April 12, 2013

Maine fishing bill seeks access for big boats

The proposal aims to expand Maine's groundfishing quota while easing limits on larger vessels.

By Michael Shepherd mshepherd@mainetoday.com
State House Bureau

AUGUSTA – A state-run permitting program that helps Maine's long-ailing groundfishing industry should be open to boats of all sizes, supporters of a bill to expand a so-called permit bank said Wednesday.

Maine Fishery Landings
Explore Maine fishery landings from 1950 to 2011 by clicking the image below.

L.D. 939, sponsored by Senate President Justin Alfond, D-Portland, would allocate $3.5 million in state money annually to the Maine Groundfish Permit Bank, established in 2010 with federal money administered by the Maine Department of Marine Resources.

At a public hearing Wednesday before the Legislature's Marine Resources Committee, the bill faced no opposition. Some in the groundfish industry and the Maine Lobstermen's Association testified in support of it.

Alfond said his bill "will have real economic benefit by creating a mechanism to provide Maine fishermen access to additional groundfishing quota at affordable rates."

Under the program, the state auctions off shares of its allotted annual catch of groundfish — 14 fish species including cod, haddock and halibut — to high bidders, who can lease permits at affordable rates to small-scale fishermen.

Under a federal agreement with Maine, permits go only to operators of vessels as long as 45 feet based in communities with populations of 30,000 or less, allowing more access to fish than they would otherwise have.

Any state money funneled into the system wouldn't be subject to the federal boat-length restrictions, said Jeff Nichols, spokesman for the Department of Marine Resources, who said the department hasn't taken a position on the bill.

Meredith Mendelson, deputy commissioner of the department, said 15 vessels were in the program in the 2011 fishing year, followed by 19 in 2012. A total of 45 boats were in Maine's groundfishing fleet as of September.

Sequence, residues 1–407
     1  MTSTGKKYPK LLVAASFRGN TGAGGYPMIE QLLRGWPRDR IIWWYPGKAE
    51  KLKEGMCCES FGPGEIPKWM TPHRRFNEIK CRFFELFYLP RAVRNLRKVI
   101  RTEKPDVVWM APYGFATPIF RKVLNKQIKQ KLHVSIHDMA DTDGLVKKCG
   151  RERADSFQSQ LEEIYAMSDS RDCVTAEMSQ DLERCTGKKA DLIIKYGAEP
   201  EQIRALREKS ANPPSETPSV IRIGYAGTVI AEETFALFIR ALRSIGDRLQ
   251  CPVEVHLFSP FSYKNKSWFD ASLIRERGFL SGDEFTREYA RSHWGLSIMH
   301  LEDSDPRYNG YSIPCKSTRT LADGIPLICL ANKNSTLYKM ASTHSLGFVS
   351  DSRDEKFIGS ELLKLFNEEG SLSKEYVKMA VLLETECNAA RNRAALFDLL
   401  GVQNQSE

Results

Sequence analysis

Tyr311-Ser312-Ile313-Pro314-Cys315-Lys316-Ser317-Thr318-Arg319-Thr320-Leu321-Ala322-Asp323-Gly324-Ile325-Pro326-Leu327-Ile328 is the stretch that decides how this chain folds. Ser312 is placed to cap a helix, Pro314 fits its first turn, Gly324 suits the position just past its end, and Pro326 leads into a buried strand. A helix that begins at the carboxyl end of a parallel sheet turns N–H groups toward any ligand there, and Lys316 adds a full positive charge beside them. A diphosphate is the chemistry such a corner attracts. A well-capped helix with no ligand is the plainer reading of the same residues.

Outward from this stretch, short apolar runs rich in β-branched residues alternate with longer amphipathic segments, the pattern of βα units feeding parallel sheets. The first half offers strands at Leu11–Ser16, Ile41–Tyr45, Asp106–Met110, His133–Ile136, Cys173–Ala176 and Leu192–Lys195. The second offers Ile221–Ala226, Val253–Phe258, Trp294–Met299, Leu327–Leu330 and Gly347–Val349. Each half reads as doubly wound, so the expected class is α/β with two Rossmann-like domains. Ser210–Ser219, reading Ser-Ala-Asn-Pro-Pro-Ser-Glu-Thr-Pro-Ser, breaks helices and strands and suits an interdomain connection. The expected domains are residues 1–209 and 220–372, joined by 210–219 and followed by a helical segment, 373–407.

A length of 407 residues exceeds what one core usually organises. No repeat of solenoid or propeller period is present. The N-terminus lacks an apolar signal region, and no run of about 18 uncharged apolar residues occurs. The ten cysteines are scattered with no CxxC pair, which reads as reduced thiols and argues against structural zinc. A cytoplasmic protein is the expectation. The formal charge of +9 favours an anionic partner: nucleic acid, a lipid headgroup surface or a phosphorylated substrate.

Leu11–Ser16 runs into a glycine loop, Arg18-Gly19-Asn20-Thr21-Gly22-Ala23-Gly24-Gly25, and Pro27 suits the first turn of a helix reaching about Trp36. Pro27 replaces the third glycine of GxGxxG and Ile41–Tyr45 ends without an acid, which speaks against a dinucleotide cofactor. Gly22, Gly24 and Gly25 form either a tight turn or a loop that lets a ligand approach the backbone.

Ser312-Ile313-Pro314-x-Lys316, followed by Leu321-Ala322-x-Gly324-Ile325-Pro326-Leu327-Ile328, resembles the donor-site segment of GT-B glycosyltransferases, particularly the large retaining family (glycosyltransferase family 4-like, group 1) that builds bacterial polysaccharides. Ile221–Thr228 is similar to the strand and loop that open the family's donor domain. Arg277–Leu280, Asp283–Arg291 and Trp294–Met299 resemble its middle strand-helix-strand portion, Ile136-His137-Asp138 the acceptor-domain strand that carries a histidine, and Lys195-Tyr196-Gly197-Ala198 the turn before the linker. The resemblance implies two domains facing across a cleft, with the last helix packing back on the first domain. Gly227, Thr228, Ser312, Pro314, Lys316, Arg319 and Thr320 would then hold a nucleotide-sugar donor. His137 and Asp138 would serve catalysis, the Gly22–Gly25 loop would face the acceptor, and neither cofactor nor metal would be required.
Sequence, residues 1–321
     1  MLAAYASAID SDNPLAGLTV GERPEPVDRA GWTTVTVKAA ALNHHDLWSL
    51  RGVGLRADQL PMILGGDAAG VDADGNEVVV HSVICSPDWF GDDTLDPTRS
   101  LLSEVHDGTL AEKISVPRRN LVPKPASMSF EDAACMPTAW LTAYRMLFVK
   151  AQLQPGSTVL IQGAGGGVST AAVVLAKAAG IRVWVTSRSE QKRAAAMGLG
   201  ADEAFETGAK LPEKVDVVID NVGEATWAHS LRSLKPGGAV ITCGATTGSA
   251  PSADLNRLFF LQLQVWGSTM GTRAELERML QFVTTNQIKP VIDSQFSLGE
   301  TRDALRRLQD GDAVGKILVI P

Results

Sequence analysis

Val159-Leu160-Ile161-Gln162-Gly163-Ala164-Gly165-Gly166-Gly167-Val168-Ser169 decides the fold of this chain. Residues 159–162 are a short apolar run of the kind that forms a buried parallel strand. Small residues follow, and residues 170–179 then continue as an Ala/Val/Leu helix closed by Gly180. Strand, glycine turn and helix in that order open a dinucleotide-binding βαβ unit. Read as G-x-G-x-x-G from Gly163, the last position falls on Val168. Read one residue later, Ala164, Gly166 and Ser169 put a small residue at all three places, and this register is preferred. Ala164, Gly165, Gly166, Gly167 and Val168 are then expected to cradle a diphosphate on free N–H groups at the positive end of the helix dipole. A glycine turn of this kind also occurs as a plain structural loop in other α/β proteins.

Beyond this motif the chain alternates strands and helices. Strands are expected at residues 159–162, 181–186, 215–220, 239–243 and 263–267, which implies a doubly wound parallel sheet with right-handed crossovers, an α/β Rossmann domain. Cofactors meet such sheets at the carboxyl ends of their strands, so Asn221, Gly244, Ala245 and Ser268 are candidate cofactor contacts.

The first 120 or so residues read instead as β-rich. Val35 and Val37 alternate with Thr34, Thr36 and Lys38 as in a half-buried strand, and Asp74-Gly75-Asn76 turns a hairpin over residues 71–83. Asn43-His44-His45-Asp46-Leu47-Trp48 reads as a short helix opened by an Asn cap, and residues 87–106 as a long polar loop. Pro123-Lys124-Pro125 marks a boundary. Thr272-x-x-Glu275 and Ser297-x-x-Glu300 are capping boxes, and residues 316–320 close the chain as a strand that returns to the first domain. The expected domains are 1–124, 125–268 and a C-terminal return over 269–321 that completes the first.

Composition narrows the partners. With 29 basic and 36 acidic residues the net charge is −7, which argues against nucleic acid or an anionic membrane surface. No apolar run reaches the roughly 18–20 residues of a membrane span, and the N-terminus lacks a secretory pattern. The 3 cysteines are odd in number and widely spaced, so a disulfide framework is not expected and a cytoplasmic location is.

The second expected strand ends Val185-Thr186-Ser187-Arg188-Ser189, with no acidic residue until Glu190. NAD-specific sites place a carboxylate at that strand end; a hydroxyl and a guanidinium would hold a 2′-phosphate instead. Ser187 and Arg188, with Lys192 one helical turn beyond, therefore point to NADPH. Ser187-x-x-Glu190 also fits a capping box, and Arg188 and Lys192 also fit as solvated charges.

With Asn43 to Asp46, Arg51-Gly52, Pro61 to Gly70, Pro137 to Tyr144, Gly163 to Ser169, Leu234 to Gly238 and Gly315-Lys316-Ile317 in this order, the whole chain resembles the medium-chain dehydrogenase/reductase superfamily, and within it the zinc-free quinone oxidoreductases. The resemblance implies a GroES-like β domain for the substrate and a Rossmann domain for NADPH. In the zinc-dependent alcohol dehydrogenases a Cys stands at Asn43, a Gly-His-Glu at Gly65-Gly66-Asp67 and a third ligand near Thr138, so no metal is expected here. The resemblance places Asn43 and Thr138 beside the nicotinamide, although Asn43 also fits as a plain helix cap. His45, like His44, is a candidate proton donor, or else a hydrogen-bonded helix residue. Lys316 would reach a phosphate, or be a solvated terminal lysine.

Using state money, Maine could increase its quota, then make permits available to operators of vessels longer than 45 feet, like those of Allyson Jordan, manager of Jordan Maritime Industries in Portland.

In testimony, she said her business moved to Gloucester, Mass., six years ago, then moved back to Maine after Gov. Paul LePage was elected, promising a Maine that is "open for business."

But Jordan said restrictions on vessel size make her boats ineligible for the bank's help and exclude "the larger vessels the state of Maine is actively pursuing to bring their boats and businesses home."

Much of Maine's groundfishing industry has moved to Massachusetts. "This disturbing trend is straining communities, and putting our industries and our heritage at risk," Alfond testified.

He said the Portland Fish Exchange, a nonprofit, quasi-public corporation that auctions fresh seafood, would be aided by an increase in catches landed there.

Bert Jongerden, the exchange's general manager, said the 1 million pounds of fish now in the permit bank generate $4.5 million in economic activity in the state. He said the program provides "additional, but not enough, groundfish allocation for Maine-based vessels landing their catch in Maine."

In 2008, the Portland Press Herald reported that while Portland's groundfish catch dropped 50 percent from 2004 to 2007, landings in Gloucester, Mass., were stable, in part because of Maine boats moving there.

Maine is still the only New England state that bars ground fishermen from selling lobsters that get caught in their nets.

That lobster "by-catch" was the subject of a hearing on Monday in Augusta on a bill submitted by Sen. Anne Haskell, D-Portland, to let trawlers sell those lobsters. She submitted a similar proposal in 2007.

In 2011, the 5 million pounds of groundfish landed in Maine were valued at roughly $5.7 million, the Press Herald has reported. By comparison, that year's lobster catch was valued at $334.6 million.

By-catch is among the most divisive issues for Maine fishermen. Changing the law would be a lifeline to the groundfish industry, but lobstermen vehemently oppose it, saying the other fishermen will target lobsters if they're allowed to sell them.

Though people associated with the groundfish industry support Alfond's plan, it's second in priority for many to Haskell's bill.

"The by-catch bill is the one that produces volume," said Alan Tracy, CEO of Vessel Services in Portland, which provides ice, fuel and supplies to fishermen. 

Michael Shepherd can be contacted at 620-7015 or at:


This story has been updated to correctly reflect the way Maine's permit program is operated. Groups listed in an earlier version of this story hold federal groundfishing permits, but they don't participate in the Maine program. It was a reporter's error.

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